7. What's your favourite curry?

I'm quite fond of chicken tikka masala.

8. What age is the place where you live?

If you mean the house, it was built in 1983 and we've been the only occupants. If you mean the town, well it began as a village in the twelfth century, but there are Bronze Age settlements just a few miles away and Roman coins were found by a healing well on the edge of town.

9. Where do the folks running your local corner shop come from?

We don't really have a "corner shop". There is the town centre and the surrounding houses. However, both newsagents, and the Spar convenience store are run by Welsh people. Some shops are run by English incomers and there is a Thai (I think) woman running a flower shop.

10. Instant or fresh coffee?

I haven't been able to drink coffee for years because it seemed to trigger my IBS. This is annoying because I used to love coffee. However, recently I've discovered that it's OK to occasionally drink a tiny bit of milky coffee after dinner. That's when I make real coffee. Otherwise G (who never drinks tea) gets instant. We use a simple cafetiere rather than a newfangled coffee machine. Which is the cue for this week's photo for the Weekly Alphabet Challenge. :)

33/52

This week's theme: F is for Filter

It was a bit of a rushed shot because I've been away for a few days and didn't spot a filter anywhere. So I've just gone for a totally literal interpretation this time.

Cafetiere filter

11. How far are you from the sea?

9 miles.

12. Have you travelled via Eurostar?

No.

13. If you were going to travel abroad, where's the nearest country to you?

I'm tempted to say, "England" which is about 56 miles away, but it would be more correct to say Ireland, which is 145 miles via ferry.

There are more answers behind here...Collapse )

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heleninwales
*Sigh* I have just frogged (ie unravelled) the sweater sleeves back to the start of the decrease. They were almost finished, but I finally decided they were going to be too short. However, I'm actually quite pleased with myself because in the past, this would likely have stalled the whole project, or I'd have kept going, but ended up hating the finished sweater. But I didn't put it to one side or carry on regardless. I bit the bullet and pulled the work back, so now I can make forward progress again.
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heleninwales
Hello everyone! I am back from a few days in Manchester, which is the city where I was born and grew up, but which I left a long long time ago.

So much has changed and we walked A LOT! I am now reacquainted with the bits that still remain from my childhood and have started to get used to all the new stuff. Like the trams. And all the new buildings. And some of the old buildings which must have been there when I lived in the city (because they are Victorian!), but which were just about still in use as warehouses or factories, or which were lying empty and abandoned and thus of no interest to a teenage girl visiting the city centre in search of a new book or some clothes, or a record or some sheet music, or whatever else I had gone into town to buy.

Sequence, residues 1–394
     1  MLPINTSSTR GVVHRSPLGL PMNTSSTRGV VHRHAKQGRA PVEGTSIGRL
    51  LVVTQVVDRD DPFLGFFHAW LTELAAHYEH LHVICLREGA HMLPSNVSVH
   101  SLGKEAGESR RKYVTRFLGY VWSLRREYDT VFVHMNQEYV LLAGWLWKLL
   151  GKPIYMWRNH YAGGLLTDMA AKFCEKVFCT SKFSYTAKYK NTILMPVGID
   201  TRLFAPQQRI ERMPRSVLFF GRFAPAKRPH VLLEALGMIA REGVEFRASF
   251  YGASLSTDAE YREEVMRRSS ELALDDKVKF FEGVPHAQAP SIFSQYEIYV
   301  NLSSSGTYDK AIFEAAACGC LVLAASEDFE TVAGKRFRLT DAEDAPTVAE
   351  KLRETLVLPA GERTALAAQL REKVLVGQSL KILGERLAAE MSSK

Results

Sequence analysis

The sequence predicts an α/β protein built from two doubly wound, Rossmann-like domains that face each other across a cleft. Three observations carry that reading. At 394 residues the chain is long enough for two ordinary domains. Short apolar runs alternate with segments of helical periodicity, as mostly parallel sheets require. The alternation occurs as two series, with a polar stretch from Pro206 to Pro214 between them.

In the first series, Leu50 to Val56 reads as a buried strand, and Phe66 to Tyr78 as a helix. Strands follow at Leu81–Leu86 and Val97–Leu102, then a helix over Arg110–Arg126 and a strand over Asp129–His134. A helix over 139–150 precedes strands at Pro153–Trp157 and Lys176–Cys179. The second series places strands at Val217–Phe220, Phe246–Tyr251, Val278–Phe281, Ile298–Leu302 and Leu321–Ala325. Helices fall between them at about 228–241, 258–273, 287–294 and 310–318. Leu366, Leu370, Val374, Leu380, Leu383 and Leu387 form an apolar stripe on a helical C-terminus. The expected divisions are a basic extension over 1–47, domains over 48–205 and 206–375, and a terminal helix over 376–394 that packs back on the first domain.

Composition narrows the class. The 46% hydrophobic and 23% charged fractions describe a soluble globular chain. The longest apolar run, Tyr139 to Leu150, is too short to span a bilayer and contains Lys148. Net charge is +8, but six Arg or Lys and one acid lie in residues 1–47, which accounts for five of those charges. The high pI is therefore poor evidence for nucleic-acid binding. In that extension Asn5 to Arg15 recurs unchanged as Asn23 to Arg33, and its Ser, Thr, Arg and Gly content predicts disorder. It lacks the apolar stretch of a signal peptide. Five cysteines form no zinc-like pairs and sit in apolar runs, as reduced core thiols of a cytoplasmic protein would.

Should be able to post more about our visit tomorrow when I've sorted out the photos. Also, just wanted to say that I have been reading LJ, but only had my phone for internet access and trying to comment using a tiny virtual keyboard is frustrating, so I have probably been quieter than usual on the comment front.
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heleninwales
We enjoyed our previous Manchester mini-break so having realised there were still lots of things we hadn't seen, we ventured on another short visit. It's not that we're tired of London, but it's always fun to explore somewhere new. Of course Manchester is not exactly new. I was born there (in a hospital in the city centre) I grew up there (less than 2 miles from the centre), but it's changed so much that it's rather like being in one of those weird dreams where you know you're supposed to be somewhere you know, but it all looks different. Except suddenly you'll come round the corner and see a familiar building. Well, revisiting Manchester is like that for me.

Anyway, we had booked to stay in the same apartments as last time and because we were travelling on a Sunday, we reserved and pre-paid for the parking at Machynlleth. We also had to collect the pre-paid for train tickets at the ticket office because the trip was a fairly last minute decision, so there hadn't been time to get the tickets sent by post.

They're busy doing work to the footbridge at Machynlleth to make the station more accessible, but they have got both platforms open again (last time all the trains were stopping at Platform 1). The journey was uneventful with just one change at Shrewsbury.

It was too early to check into the apartment, but they were happy to let us leave our luggage and we went off in search of food and places to explore. Food ended up being a burger in Burger King where we discovered that one end of the upstairs seemed to be the hangout of choice for a group of black teens who were all (in best northern tradition) dressed in their best clothes. As we ate, we stared out of the window at the tramlines, trying to fathom how the points worked. Are the trams stuck on a fixed route? Is there some way of switching them from one route to another? It remained a mystery.

We then went for a wander around, with me keeping up a running commentary of, "That's new. That's new. I don't remember that. That wasn't there before. Ooooh! This bit is the same!"

The art gallery was familiar and we looked at Pre-Raphaelites and (what had always been a favourite as a child) an absolutely enormous painting of a Roman chariot race. By now we were feeling that we'd done enough for one day, so we headed back to the apartment via Waitrose to get food for dinner. We successfully negotiated the self-service checkout which, being country bumpkins, we still find novel and amusing. After dinner I caught up online using my phone and then watched TV. Tomorrow we have planned an expotition out into the Pennines which are the hills you can just see in the distance in these photos.